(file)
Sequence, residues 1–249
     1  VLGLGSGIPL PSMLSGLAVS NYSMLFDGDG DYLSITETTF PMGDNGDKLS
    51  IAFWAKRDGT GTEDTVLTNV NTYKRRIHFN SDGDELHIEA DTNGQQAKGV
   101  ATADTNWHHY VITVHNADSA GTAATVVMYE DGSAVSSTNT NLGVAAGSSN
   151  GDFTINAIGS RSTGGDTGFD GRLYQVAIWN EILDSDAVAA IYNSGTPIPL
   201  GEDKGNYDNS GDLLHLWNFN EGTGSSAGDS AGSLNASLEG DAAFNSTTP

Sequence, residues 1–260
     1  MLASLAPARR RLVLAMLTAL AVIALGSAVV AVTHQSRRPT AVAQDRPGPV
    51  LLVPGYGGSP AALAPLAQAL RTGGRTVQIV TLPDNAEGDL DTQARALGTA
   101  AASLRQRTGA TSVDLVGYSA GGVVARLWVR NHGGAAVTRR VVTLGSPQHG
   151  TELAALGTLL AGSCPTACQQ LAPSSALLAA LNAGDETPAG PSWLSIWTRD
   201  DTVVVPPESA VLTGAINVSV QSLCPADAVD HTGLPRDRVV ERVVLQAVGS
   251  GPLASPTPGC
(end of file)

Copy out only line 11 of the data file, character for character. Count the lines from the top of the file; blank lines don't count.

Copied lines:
   151  TELAALGTLL AGSCPTACQQ LAPSSALLAA LNAGDETPAG PSWLSIWTRD